Public opinion may not be the best indicator of sound economic policies, but it can shape and constrain political discussion – certainly discussion about the farm bill, says an Oklahoma State University economist.
Jayson Lusk, Regents Professor and Willard Sparks Endowed Chair in the Department of Agricultural Economics at OSU, recently prepared a report looking specifically at how Americans view hot-button nutrition issues, like: Should nutrition programs be split from the farm bill? Should food stamp recipients be required to look for work?
In light of recent disagreements between House and Senate on the size of cuts to nutrition programs (nearly $40 billion in the House, $4 billion in the Senate), public opinion on the issue may be more important than ever, he suggests.
For example, Lusk points out that almost three quarters of respondents supported the House's July decision to decouple the farm bill, voting on farm and food provisions separately. Meanwhile, just 39% of respondents supported cutting food stamps by almost $40 billion.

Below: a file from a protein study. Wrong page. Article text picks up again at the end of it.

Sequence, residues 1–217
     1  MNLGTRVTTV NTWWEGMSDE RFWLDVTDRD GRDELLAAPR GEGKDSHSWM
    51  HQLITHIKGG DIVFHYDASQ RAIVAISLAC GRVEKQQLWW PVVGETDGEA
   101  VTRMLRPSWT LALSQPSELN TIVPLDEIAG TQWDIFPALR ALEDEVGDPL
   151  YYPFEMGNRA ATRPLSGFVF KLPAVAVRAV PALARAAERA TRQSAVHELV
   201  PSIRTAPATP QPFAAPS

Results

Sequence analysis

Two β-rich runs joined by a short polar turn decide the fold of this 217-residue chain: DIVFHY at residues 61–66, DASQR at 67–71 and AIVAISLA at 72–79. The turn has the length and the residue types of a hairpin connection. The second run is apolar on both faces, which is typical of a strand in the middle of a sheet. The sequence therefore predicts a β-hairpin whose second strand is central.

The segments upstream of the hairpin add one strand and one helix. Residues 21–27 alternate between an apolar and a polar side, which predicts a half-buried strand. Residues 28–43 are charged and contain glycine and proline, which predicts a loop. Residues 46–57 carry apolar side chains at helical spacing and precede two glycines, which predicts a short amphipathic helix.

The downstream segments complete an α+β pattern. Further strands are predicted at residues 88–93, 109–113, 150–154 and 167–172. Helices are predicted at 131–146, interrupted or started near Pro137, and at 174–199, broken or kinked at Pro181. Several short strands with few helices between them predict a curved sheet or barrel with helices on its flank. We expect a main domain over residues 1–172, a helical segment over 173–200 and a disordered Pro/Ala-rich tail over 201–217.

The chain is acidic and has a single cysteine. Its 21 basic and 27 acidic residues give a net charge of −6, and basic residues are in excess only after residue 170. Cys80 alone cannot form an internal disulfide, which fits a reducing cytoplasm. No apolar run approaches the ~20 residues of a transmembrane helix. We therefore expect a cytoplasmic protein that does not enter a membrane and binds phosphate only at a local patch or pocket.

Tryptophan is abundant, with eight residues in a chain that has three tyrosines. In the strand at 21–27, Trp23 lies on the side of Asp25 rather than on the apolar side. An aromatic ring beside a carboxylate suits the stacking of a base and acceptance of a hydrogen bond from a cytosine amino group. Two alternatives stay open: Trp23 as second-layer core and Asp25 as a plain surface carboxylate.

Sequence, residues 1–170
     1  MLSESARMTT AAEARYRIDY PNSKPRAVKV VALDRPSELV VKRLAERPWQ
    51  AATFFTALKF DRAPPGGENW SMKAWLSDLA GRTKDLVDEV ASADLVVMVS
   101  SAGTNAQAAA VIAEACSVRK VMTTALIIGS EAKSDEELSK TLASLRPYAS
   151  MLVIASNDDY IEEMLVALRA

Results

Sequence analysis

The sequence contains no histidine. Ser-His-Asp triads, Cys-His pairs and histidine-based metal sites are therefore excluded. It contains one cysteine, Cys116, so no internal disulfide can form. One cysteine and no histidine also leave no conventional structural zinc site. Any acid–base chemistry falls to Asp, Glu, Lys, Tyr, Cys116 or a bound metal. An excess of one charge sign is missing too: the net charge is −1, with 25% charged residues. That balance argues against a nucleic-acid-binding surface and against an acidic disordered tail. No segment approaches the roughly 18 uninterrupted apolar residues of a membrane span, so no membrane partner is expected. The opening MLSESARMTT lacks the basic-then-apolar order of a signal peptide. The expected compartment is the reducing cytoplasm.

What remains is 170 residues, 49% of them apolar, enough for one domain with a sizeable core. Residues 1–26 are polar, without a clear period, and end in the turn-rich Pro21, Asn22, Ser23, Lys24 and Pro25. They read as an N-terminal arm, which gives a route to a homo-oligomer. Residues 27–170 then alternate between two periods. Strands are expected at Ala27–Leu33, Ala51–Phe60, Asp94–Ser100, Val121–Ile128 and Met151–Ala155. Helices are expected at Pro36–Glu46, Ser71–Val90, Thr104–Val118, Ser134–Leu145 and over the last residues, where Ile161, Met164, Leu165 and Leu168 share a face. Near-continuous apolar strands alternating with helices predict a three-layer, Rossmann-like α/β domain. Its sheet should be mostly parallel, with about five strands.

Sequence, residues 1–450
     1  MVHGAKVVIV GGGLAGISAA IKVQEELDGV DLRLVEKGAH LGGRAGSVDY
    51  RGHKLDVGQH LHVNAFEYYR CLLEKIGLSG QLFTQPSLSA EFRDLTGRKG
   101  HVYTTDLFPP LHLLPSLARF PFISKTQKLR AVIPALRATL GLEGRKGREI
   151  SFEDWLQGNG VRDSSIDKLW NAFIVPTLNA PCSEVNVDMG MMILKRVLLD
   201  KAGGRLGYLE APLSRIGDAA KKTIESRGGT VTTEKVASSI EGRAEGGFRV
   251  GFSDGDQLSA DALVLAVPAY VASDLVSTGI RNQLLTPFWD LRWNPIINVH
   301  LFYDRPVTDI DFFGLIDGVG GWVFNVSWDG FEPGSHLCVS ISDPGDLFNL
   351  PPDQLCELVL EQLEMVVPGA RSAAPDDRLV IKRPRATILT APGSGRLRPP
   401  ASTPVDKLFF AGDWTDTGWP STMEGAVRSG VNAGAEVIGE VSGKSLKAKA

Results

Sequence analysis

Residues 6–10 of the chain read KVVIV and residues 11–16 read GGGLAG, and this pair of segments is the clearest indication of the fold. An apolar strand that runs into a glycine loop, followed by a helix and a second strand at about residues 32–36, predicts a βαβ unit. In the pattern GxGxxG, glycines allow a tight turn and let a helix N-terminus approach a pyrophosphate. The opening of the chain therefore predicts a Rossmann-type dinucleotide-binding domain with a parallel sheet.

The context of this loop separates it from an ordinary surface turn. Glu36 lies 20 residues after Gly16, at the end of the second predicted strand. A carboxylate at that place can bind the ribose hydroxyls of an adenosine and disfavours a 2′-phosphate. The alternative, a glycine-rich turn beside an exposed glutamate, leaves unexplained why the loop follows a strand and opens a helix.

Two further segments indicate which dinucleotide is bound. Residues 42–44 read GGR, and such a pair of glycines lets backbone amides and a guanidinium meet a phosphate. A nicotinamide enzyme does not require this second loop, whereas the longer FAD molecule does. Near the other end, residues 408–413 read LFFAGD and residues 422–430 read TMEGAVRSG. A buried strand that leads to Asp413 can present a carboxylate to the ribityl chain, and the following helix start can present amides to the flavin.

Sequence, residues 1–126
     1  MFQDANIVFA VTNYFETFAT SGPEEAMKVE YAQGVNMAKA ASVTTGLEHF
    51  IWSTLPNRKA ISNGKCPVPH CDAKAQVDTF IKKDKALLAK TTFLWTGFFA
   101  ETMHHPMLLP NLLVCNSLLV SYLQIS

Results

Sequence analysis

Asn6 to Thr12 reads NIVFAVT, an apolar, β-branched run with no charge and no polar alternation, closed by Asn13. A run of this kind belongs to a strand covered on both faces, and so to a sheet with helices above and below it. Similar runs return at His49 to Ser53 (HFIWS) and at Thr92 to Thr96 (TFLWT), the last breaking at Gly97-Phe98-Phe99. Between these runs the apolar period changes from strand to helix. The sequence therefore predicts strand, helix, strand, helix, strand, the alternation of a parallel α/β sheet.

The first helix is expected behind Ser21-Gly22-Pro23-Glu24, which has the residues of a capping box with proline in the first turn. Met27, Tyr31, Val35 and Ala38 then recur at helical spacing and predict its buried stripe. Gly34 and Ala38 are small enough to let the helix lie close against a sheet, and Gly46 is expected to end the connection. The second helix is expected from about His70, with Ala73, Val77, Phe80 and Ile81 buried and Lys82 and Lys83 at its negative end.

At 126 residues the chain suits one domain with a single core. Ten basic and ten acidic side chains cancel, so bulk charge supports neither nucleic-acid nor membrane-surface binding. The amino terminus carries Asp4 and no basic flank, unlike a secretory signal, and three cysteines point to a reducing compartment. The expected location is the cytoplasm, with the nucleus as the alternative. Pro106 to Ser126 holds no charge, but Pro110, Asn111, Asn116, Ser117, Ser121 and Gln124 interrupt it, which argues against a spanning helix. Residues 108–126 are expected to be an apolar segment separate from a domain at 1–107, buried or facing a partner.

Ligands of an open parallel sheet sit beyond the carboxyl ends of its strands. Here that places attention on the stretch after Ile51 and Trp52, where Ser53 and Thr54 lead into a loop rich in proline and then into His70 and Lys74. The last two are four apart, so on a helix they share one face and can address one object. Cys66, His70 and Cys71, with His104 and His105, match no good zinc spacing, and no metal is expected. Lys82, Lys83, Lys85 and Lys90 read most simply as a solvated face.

Lusk's findings were prepared using the University's month Food Demand Survey. More than 1,000 responses weighted to be demographically representative of the U.S. population were used to form the final numbers.
The question read:
Both Houses of the U.S. Congress are considering changes to the Supplemental Nutritional Assistance Program (SNAP), otherwise known as the "food stamp" program, in the latest version of the farm bill. Do you support or oppose each of the following proposed changes to the food stamp program? (For reference, current versions of the farm bill are projected to cost about $950 billion over ten years, with about 80% being spent on food stamp and nutritional programs; over 47 million people (or 15% of Americans) are today on food stamps, an 80% increase since 2007; average benefits are $133/person/month.)
Then, eleven issues were listed in random order. For each issue, respondents indicated "support" or "oppose."
Lusk said implications of the survey confirm that there are uncertainties in the future of farm policy. However, the results also provide some insights into what policies will be most popular in public opinion.
"While the House decision to decouple farm programs from SNAP may ultimately cause a break down in the urban-rural political coalition that has held together the farm bill for decades, it is a move that the vast majority of Americans support," Lusk said.
Source: University of Illinois FarmDoc